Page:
Laura counts the lengthening spaces between the woman’s breaths, stays by the bedside for many hours until it is over.
What pretty feet you have. Like two pigeons with their wings folded and their heads tucked in. Do you dance?
Not often. Not well. When there is music, and I am moved to.
I imagine you bouncing and bobbing like a wheat stalk in a breeze, and afterward I imagine you rosy and out of breath. What pretty knees you have too. There is no doubt about it, God intends you to be a bride. My bride.
You are making fun of me.
I would swear to it. Pretty legs. Where the heart goes, the body has to follow.
What did you say? What are you doing?
The magnificent cathedral is the envy of every city-state. It matches the ambitions of those who built it, and the saints themselves would nod their appreciation. The Duomo is absolutely Siena’s, and Siena is absolutely the Virgin’s. How they flourish under her protection.
A man stands before the high altar but he is not here for mass, and he has no awe in his heart. He is inspecting something he has seen hundreds of times before, his objectivity strained. Wealth does not impress him, for he is wealthier than most. Lavish decorations hold few surprises these days. His arms are folded across his chest like a farmer’s, his gargoyle features contracted in a scowl; a short lump of a man. Were it not for the fine weave of his tunic, the opulence of its color, the ornate trim, he might be mistaken for a pilgrim or even a beggar. He senses a presence in this marvelous place (how it glitters, how it is still!) but it is no angel or deity: it is the laughing ghost of a man he knew extremely well in life.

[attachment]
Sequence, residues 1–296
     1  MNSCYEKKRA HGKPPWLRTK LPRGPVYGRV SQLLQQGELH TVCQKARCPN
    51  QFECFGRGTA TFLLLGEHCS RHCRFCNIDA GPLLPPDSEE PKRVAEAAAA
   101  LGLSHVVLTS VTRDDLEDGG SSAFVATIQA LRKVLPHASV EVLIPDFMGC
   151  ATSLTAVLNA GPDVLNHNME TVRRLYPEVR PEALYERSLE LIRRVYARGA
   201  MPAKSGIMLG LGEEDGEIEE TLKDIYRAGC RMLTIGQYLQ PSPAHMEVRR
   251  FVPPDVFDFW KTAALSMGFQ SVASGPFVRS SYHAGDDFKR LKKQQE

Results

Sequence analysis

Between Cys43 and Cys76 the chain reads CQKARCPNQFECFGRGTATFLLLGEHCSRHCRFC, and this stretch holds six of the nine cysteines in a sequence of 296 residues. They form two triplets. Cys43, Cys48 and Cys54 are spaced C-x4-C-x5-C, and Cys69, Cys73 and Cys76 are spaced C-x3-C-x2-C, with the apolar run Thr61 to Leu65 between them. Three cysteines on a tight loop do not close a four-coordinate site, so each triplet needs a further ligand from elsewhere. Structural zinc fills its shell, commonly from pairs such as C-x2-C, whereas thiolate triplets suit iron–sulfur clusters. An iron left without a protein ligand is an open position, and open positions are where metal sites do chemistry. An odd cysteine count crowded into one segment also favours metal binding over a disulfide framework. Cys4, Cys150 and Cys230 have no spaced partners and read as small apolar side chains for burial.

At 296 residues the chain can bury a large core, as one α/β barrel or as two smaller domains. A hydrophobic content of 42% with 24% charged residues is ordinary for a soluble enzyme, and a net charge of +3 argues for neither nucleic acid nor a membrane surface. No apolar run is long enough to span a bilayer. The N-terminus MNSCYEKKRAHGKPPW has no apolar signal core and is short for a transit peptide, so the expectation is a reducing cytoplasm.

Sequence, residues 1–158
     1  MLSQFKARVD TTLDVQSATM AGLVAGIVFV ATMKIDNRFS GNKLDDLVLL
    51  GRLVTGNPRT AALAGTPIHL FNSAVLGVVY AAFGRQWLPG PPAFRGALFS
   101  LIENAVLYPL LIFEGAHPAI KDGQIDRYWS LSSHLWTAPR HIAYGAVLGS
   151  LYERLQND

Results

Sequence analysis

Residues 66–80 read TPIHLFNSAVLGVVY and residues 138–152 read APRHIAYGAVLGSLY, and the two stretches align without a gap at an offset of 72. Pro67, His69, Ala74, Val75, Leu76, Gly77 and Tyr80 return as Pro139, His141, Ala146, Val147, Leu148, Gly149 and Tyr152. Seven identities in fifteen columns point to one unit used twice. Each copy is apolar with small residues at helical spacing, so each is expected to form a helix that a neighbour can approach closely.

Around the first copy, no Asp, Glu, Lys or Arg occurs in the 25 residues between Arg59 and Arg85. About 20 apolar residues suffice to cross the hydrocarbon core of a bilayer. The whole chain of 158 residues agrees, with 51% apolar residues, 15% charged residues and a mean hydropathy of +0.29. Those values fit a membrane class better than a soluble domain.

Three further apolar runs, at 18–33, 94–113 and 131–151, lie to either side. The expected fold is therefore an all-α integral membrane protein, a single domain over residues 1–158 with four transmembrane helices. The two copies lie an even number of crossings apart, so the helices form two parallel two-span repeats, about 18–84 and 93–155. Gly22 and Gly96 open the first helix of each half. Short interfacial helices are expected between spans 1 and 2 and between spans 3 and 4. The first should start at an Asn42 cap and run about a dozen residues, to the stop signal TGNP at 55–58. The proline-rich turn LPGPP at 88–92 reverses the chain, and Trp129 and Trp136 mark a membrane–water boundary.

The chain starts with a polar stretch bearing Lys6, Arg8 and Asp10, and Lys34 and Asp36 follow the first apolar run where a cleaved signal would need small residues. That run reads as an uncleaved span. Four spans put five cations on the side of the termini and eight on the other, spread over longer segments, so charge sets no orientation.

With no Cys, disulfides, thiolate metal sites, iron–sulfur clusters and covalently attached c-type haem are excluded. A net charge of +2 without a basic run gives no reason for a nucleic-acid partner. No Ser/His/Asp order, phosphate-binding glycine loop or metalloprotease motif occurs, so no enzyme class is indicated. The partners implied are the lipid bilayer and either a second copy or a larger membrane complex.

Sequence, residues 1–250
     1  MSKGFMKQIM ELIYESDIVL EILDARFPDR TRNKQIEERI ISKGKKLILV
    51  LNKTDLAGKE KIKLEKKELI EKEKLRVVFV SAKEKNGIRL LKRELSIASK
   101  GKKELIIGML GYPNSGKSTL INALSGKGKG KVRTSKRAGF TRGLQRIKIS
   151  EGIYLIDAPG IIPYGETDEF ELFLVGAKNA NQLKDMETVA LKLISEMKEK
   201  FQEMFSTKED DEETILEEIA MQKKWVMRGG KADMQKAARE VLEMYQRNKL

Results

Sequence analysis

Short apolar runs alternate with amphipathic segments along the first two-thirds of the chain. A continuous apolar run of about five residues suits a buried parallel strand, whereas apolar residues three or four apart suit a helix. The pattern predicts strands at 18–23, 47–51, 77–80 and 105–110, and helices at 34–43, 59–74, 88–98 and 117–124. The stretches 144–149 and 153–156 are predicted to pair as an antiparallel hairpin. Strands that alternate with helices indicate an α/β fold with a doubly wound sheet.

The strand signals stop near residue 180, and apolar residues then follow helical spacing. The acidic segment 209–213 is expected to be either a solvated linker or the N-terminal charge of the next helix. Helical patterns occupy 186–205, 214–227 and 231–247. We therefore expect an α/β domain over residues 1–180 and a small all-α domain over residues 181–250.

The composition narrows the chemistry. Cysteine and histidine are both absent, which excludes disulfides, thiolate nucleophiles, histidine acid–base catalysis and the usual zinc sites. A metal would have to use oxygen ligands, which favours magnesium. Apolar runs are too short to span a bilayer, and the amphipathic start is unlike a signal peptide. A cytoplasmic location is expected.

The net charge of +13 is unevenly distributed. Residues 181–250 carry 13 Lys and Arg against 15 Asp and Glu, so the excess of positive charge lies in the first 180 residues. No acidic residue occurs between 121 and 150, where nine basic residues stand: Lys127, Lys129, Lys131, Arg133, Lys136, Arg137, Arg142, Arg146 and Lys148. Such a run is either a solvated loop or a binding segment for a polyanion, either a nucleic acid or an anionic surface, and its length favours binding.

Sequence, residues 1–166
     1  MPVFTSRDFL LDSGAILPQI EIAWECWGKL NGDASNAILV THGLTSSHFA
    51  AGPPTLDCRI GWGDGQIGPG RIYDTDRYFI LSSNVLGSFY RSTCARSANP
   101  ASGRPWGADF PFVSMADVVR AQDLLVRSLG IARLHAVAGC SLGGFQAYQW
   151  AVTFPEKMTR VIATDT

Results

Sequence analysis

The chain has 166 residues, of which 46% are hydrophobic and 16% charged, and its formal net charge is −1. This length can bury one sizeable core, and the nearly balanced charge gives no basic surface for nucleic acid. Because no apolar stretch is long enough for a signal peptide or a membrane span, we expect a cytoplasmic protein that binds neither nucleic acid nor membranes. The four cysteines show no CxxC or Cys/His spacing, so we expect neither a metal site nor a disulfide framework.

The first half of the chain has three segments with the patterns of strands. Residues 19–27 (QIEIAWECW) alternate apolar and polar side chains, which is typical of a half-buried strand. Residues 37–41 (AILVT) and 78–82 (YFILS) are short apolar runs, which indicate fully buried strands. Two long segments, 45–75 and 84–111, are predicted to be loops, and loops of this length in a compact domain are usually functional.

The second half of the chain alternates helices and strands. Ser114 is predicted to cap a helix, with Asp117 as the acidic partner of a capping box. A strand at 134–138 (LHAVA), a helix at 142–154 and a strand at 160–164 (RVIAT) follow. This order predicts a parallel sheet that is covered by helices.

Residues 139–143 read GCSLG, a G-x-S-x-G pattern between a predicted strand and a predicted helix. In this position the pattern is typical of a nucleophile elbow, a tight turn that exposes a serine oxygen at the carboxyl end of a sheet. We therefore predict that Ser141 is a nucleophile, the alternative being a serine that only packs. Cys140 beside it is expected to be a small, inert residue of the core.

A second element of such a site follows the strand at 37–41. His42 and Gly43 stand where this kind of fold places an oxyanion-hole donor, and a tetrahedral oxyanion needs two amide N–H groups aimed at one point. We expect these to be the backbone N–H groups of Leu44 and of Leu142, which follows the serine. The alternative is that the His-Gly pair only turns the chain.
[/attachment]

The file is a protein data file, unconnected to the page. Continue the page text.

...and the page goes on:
The altarpiece is the Maestà, the enormous panel showing the Madonna and Child upon a throne, adored by a host of angels and saints. It is surrounded by smaller storytelling panels and drenched in gold. For the faithful, the Maestà is a channel to the Virgin: she sees out of those very eyes, hears their pleas through it. On the day it was installed in the Duomo, there was a procession led by the bishop, the priests and friars around the Campo, attended by the Nine, the entire Commune, the citizens of Siena. Resplendent, it passed through the crowds. Bells rang, alms were given to the poor, prayers were made to Our Lady, our advocate. It is Duccio’s (old master, old rogue). Simone Martini snorts.
Simone Martini? I’ve heard of him! He was Duccio’s pupil.
This is the best accolade he can hope for now. One wants to be trained by the greatest living artist, and then to transcend him. That will not happen.